Carpal Tunnel Syndrome

Carpal Tunnel Syndrome

Carpal Tunnel Syndrome is a common condition that causes numbness, tingling, pain or weakness in your hand. It occurs when the median nerve becomes compressed in a narrow space in the wrist called the carpal tunnel. This space is bordered by bones on 3 sides and a thick band of tissue on the volar (palm) side. It contains the median nerve and 9 flexor tendons.

What are the symptoms of carpal tunnel syndrome?

Carpal tunnel syndrome is often the result of a combination of factors that increase pressure on the median nerve and tendons in the carpal tunnel, rather than a problem with the nerve itself. The symptoms of carpal tunnel syndrome can include:

  • Numbness, tingling, or burning sensation in the hand or fingers, especially the thumb, index, middle, and ring fingers.
  • Pain or discomfort in the hand, wrist, forearm, or even in the shoulder.
  • Weakness in the hand, difficulty gripping objects or performing manual tasks.
  • Swelling or inflammation in the wrist.
  • A feeling of clumsiness or decreased coordination.

These symptoms can start gradually and worsen over time, often affecting one or both hands. The symptoms may be more noticeable at night or upon waking up in the morning. If you experience any of these symptoms, it is important to see a healthcare professional for proper diagnosis and treatment.

What are the causes of Carpal tunnel?

There are several factors that can contribute to this pressure, including:

  • Repetitive Hand and Wrist Movements: Activities that involve repetitive hand and wrist movements, such as typing, playing an instrument, or assembly line work, can increase the risk of developing carpal tunnel syndrome.
  • Anatomical Factors: Some people are born with a smaller carpal tunnel or other anatomical variations that can increase the risk of CTS.
  • Medical Conditions: Certain medical conditions, such as rheumatoid arthritis, diabetes, and hypothyroidism, can increase the risk of developing CTS.
  • Hormonal Changes: Hormonal changes that occur during pregnancy, menopause, or with the use of oral contraceptives can contribute to the development of carpal tunnel syndrome.
  • Trauma: Injuries to the wrist, such as fractures or sprains, can cause swelling and inflammation that can compress the median nerve.
  • Obesity: Being overweight or obese can increase the pressure on the median nerve.

Identifying and addressing these risk factors can help reduce the likelihood of developing carpal tunnel syndrome or minimize its severity.

How is carpal tunnel syndrome diagnosed?

Early diagnosis and treatment are important to avoid permanent damage to the median nerve.

Carpal tunnel syndrome (CTS) can be diagnosed through a combination of a medical history, physical examination, and sometimes additional tests. Here are the most common methods of diagnosis:

  • Medical History: Your doctor will ask you about your symptoms, when they started, and what activities make them better or worse.
  • Physical Examination: Your doctor will examine your wrist and hand, looking for signs of swelling, tenderness, or weakness.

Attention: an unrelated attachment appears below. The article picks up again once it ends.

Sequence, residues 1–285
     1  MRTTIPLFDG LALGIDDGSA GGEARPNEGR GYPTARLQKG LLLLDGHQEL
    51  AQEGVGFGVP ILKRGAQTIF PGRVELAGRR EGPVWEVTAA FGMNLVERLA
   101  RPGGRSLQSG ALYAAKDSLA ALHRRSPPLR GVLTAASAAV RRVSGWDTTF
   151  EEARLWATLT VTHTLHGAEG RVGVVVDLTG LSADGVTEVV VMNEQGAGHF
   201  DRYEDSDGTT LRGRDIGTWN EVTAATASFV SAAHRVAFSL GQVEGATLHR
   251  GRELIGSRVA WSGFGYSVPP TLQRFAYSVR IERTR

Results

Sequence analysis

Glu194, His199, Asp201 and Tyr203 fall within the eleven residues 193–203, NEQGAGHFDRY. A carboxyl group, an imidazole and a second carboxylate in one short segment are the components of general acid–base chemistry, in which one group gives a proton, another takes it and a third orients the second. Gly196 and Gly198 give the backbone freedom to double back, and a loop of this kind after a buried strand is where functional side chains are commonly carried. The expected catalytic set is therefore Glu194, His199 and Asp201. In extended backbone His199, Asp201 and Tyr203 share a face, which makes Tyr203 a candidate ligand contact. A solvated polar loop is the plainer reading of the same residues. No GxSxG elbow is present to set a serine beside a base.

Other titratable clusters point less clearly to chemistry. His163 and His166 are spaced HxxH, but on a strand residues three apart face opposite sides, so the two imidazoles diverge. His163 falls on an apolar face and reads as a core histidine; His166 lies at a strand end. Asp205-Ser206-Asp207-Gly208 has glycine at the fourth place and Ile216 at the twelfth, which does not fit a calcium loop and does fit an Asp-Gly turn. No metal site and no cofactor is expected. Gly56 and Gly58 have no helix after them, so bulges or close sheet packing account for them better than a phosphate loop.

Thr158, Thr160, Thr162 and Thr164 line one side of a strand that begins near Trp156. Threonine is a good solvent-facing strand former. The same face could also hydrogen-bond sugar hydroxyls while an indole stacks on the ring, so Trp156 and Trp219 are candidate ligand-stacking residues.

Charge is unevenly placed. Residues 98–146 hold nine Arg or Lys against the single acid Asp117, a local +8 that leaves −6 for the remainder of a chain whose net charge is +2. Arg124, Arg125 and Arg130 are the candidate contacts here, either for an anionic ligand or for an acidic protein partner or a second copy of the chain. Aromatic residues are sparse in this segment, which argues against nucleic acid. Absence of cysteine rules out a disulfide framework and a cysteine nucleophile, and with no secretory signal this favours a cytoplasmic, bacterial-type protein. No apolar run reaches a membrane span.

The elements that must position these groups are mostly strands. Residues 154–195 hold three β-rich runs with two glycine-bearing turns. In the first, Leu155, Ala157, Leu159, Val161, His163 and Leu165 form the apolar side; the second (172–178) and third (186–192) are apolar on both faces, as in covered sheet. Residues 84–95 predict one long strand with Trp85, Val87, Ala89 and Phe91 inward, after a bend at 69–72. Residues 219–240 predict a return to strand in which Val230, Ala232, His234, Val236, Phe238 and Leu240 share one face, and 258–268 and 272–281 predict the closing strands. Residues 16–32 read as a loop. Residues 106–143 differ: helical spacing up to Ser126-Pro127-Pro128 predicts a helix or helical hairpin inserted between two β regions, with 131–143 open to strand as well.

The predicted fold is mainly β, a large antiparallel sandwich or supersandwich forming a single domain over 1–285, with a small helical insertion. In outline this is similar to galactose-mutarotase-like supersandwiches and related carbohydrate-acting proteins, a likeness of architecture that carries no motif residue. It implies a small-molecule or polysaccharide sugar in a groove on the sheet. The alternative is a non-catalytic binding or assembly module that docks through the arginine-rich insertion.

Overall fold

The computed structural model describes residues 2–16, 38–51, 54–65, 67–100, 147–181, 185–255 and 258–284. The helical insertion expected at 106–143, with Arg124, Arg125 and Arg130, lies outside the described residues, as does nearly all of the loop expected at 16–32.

• Tinel’s Sign: During a physical exam, your doctor may tap on the median nerve in your wrist to see if you experience tingling or numbness.
  • Phalen’s Maneuver: Your doctor may also ask you to hold your arms out in front of you, flex your wrists, and press the backs of your hands together for one minute to see if this reproduces your symptoms.
  • Nerve Conduction Studies: These tests measure the speed of nerve impulses and can help determine if there is any damage to the median nerve.
  • Electromyography (EMG): This test measures the electrical activity of muscles and can help determine if there is any muscle damage due to CTS.
  • Ultrasound imaging can show abnormal size of the median nerve. Magnetic resonance imaging (MRI) can show the anatomy of the wrist but to date has not been especially useful in diagnosing carpal tunnel

 Based on the results of these tests, your doctor can diagnose carpal tunnel syndrome and recommend an appropriate treatment plan.

What is the treatment for CTS

  • he treatment for carpal tunnel syndrome (CTS) depends on the severity of the condition and the individual’s specific situation. Some common treatments for CTS include:
  • Wrist Splinting: Wearing a wrist splint at night or during activities that aggravate the condition can help relieve symptoms by keeping the wrist in a neutral position and reducing pressure on the median nerve.
  • Medications: Nonsteroidal anti-inflammatory drugs (NSAIDs), such as ibuprofen, can help reduce pain and inflammation associated with carpal tunnel syndrome.
  • Physical Therapy: Specific exercises and stretches can help improve range of motion and reduce symptoms.
  • Steroid Injections: Corticosteroid injections into the carpal tunnel can help reduce inflammation and relieve symptoms.
  • Surgery: Carpal tunnel release surgery is an option for more severe cases or cases that do not respond to other treatments. During this procedure, the surgeon cuts the ligament that is pressing on the median nerve, relieving pressure and reducing symptoms. Recurrence of carpal tunnel syndrome following treatment is rare. Less than half of individuals report their hand(s) feeling completely normal following surgery. Some residual numbness or weakness is common.

It is important to discuss treatment options with a healthcare professional who can provide guidance based on an individual’s specific situation and needs.

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